Is This Whistleblowing Complaint Relating to National Security Reviewable by the MSPB?

A federal employee asked MSPB to review her whistleblowing complaint, but when MSPB found it had no jurisdiction, she took her case to the appeals court.

Ms. Knapp has a straight-forward complaint. She maintains that the U.S. Army retaliated against her for whistleblowing. When the Office of Special Counsel (OSC), following a preliminary review, notified Knapp that it had closed its file and advised her of her right to seek review by the Merit Systems Protection Board (MSPB), she filed an appeal. However, the Board found that it had no jurisdiction over her complaint. She challenged that (Knapp v Merit Systems Protection Board (CAFC No. 2020-2122 (nonprecedential) 11/17/2021).

Knapp was a Civilian Sexual Harassment/Assault Response and Prevention Victim Advocate as USASOC in Ft. Bragg, North Carolina. She wrote a U.S. Senator alleging retaliation occurred against soldiers who reported incidents of sexual harassment or sexual assault during the time she worked in this position. She then emailed classified information over an unclassified network (referred to in security circles as “spillage”). USASOC officials took away her computer, quarantined it, and erased the hard drive. About a month later, Ms.Knapp apparently sent her earlier email, classified information included, to the Equal Employment Opportunity Commission (EEOC). Hence a second “spillage” incident. In no time at all, Knapp’s security clearance was suspended, she was placed on administrative leave and eventually she was indefinitely suspended as a result of the two spillage incidents. (Pp. 2-3)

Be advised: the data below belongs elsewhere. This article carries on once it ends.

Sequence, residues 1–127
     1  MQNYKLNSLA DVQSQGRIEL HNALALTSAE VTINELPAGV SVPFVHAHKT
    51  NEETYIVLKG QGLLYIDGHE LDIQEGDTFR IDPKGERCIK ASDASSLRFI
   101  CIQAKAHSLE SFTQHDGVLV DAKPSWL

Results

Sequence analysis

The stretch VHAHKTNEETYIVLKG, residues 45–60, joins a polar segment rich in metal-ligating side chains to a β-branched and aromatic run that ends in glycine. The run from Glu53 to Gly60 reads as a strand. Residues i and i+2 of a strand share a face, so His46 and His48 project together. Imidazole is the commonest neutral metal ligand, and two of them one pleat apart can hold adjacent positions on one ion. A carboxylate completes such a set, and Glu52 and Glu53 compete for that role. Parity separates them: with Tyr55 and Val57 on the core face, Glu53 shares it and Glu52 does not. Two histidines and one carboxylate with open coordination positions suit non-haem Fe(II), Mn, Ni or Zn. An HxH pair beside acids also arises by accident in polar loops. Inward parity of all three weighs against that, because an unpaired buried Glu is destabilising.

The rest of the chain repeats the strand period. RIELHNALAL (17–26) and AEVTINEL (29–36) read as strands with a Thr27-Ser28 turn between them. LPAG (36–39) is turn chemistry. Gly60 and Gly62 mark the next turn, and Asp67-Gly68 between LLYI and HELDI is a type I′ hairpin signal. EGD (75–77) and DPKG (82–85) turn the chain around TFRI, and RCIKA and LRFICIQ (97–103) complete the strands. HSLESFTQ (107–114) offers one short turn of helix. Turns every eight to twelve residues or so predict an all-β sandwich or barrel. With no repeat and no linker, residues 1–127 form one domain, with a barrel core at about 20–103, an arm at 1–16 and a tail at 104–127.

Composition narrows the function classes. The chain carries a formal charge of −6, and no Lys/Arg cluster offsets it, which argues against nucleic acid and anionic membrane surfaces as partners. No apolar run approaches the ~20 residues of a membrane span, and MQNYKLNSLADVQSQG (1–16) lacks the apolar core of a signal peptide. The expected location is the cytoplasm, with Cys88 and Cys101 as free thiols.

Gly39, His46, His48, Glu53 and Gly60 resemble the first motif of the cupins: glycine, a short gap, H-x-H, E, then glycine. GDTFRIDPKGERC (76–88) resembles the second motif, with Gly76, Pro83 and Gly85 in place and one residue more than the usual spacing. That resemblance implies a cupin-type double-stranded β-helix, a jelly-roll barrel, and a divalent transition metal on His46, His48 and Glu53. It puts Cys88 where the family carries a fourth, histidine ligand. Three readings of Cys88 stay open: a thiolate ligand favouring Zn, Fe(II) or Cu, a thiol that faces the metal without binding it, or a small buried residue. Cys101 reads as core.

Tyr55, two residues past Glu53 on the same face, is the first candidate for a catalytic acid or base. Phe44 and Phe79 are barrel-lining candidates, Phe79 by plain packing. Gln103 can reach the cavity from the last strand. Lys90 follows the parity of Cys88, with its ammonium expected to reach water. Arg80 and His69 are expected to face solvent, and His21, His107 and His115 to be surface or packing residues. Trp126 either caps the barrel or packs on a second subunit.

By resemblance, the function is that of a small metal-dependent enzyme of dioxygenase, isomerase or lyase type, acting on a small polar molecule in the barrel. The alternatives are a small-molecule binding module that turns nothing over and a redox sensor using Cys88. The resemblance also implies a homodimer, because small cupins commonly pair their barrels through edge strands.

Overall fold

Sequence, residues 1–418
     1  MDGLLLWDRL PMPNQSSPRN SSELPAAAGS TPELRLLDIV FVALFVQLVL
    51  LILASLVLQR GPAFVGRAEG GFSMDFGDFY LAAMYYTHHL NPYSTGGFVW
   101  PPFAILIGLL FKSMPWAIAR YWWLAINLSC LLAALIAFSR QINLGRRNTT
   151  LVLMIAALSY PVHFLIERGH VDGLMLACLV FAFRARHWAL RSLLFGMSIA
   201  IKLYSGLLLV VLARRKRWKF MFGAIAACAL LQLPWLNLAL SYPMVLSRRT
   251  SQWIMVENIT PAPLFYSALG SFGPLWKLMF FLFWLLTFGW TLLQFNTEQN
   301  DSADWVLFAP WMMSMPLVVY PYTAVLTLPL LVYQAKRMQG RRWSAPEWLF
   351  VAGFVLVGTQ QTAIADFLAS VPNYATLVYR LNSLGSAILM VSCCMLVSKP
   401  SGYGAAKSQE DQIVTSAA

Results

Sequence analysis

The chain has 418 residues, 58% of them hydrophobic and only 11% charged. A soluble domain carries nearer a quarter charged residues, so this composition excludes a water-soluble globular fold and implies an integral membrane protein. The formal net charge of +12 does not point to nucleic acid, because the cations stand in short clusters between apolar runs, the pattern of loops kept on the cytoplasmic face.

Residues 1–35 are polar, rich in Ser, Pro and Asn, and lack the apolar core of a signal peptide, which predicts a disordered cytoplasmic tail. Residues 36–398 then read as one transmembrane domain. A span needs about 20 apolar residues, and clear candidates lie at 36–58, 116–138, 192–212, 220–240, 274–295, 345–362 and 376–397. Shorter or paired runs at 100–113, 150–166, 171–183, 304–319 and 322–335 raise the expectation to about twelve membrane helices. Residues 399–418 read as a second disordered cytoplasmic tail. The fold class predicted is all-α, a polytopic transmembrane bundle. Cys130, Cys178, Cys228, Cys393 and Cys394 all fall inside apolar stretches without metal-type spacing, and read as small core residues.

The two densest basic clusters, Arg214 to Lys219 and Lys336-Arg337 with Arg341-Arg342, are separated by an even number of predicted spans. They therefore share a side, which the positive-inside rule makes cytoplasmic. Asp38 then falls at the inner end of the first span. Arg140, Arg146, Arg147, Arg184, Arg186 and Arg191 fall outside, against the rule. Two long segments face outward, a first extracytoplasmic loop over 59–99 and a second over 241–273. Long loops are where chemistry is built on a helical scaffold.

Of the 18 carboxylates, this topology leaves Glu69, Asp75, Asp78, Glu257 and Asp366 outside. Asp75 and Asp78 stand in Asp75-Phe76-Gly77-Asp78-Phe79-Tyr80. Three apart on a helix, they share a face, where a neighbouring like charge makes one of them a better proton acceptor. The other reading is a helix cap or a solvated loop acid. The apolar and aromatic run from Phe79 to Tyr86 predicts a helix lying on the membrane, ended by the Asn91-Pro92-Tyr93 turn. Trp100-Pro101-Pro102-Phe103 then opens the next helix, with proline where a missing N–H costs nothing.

Knapp argued to the OSC and then to the MSPB that the various actions taken against her—losing her clearance, administrative leave, and indefinite suspension—were all in retaliation for her whistleblowing. 

The MSPB asked Ms. Knapp to show facts indicating that the Board had jurisdiction over her complaint, noting that the actions she outlined were taken by the agency based on the Army’s determinations on national security matters and therefore not within the Board’s jurisdiction. When she failed to present facts other than her mishandling of classified information, the Board dismissed her complaint since it has no jurisdiction over such matters. 

Knapp turned to the federal appeals court. Citing Eagan, the court now rules that the MSPB “lacks jurisdiction to consider the merits of an agency’s security clearance determination….Here, Ms. Knapp asks the Board to do exactly that.” (p. 5)exactly that.” (p. 5) The court states further, “Because the personnel actions taken against Ms. Knapp all related to her access to classified information and spillage, Eagan is controlling.” (P. 5)

About the Author

Susan McGuire Smith spent most of her federal legal career with NASA, serving as Chief Counsel at Marshall Space Flight Center for 14 years. Her expertise is in government contracts, ethics, and personnel law.